Virginia Partial-Birth Abortion Ban Decision Draws Scorn from Pro-Life Groups
by Steven Ertelt
May 21, 2008
Richmond, VA (LifeNews.com) — An appeals court’s decision to declare the Virginia partial-birth abortion ban unconstitutional has drawn scorn from pro-life groups. This is the second time the 4th U.S. Circuit Court of Appeals has struck down the state’s ban and the recent decision came after a positive Supreme Court ruling.
By a 2 to 1 vote, the Fourth Circuit Court of Appeals held Virginia’s ban on the gruesome partial-birth abortion procedure unconstitutional in Richmond Medical Center v. Herring.
The Supreme Court had ordered the appeals court judges to reconsider the ban after issuing its April 2007 decision saying the Congressional ban does not violate the Constitution.
They still struck down the ban, and that didn’t go over well with Olivia Gans, the president of the Virginia Society for Human Life.
The majority of Virginians strongly supported Virginias partial birth abortion ban as consistent with the values of the citizens of the Commonwealth," she told LifeNews.com after the decision.
"Pulling a living unborn child from his mother’s womb, stabbing him in the back of the head, removing his brains and then completing the delivery, the now dead baby is never a medically necessary procedure," Gans explained.
Gans said her group is encouraging Virginia Attorney General Robert McDonald to appeal the appellate court decision back to the Supreme Court.
In their opinion, Judges M. Blane Michael and Diana Gribbon Motz claim the law "imposes criminal liability" on abortion practitioners who "accidentally" perform a partial-birth abortion.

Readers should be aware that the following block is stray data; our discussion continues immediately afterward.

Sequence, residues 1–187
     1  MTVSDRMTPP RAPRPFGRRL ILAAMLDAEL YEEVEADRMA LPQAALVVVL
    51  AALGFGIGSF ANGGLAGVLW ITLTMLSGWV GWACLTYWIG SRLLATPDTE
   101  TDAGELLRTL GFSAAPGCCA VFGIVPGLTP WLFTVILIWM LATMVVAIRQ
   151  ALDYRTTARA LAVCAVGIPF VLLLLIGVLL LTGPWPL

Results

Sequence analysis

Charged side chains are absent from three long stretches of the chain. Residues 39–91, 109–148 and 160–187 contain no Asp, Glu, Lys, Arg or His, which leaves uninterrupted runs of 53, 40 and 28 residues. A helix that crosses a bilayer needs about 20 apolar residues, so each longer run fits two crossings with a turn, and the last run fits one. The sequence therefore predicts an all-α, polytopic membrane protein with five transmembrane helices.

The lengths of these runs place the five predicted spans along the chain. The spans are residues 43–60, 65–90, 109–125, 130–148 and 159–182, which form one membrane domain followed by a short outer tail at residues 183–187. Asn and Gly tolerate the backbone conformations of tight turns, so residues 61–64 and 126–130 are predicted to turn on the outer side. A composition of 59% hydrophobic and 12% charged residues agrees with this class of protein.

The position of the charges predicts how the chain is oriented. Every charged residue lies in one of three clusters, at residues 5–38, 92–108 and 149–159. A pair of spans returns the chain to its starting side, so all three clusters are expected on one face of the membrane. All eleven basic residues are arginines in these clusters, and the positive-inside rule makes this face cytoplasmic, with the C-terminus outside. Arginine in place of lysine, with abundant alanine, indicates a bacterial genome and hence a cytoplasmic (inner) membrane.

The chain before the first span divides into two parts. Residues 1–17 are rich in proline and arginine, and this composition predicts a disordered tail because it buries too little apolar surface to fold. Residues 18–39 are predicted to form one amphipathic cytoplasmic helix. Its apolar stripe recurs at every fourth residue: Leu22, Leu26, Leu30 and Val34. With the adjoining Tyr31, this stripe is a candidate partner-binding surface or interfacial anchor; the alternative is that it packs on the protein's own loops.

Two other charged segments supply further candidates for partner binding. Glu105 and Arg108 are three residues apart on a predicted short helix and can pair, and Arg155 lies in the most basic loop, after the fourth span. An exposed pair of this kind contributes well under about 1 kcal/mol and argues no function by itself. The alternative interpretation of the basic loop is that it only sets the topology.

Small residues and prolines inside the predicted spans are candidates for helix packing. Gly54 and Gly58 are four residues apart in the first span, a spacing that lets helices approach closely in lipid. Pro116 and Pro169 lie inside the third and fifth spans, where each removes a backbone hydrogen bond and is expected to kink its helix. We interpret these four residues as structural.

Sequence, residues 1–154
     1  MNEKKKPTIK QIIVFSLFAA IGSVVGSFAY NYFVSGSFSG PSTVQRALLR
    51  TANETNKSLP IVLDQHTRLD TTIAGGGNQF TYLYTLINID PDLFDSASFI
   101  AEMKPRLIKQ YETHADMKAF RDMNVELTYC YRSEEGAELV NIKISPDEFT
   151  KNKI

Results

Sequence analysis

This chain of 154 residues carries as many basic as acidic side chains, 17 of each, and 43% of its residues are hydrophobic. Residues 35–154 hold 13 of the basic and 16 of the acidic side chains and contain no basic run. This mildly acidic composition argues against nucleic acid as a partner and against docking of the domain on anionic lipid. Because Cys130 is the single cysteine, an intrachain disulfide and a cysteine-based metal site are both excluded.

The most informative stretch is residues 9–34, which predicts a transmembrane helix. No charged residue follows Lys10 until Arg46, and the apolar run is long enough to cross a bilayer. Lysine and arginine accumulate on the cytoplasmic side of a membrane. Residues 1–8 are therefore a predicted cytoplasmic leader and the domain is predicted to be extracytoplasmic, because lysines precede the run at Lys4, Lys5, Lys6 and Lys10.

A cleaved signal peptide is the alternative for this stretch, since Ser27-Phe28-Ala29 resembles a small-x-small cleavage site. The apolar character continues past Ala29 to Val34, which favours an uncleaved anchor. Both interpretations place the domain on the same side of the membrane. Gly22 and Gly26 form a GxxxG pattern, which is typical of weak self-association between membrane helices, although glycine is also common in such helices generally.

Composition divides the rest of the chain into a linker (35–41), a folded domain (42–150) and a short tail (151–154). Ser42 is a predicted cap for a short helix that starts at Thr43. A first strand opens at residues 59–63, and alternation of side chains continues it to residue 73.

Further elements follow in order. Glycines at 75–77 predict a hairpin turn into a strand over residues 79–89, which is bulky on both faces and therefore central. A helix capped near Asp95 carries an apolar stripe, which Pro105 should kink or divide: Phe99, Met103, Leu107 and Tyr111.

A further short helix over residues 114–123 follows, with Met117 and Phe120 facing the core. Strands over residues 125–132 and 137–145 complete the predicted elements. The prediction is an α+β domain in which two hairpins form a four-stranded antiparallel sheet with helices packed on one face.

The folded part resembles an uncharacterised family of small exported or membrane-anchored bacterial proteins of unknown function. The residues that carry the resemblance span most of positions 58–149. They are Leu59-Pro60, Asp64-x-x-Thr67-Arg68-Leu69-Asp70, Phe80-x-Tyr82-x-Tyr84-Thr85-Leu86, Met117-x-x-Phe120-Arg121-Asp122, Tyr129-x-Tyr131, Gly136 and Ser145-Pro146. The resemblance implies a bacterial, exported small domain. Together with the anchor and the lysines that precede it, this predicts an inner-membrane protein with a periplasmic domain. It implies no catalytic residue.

Mary Spaulding Balch, a National Right to Life attorney who specializing in state pro-life legislation, told LifeNews.com the appeals court used "extremely contorted reasoning to reach an unreasonable decision."
"Today’s decision flies in the face of common sense, the U.S. Supreme Court, and the will of the majority of the people of Virginia," she said.
"In conforming the reasoning of their decision to reach a seemingly predetermined conclusion, the majority overstepped their bounds," Balch added. "We join with the Virginia Society for Human Life in calling on Virginia Attorney General McDonnell to appeal today’s decision to the U.S. Supreme Court."
Judge Paul Niemeyer "profoundly" dissented and argued that the majority’s opinion "is based on a glaring misreading of both the Virginia Act and the Supreme Court’s decision in Gonzales v. Carhart."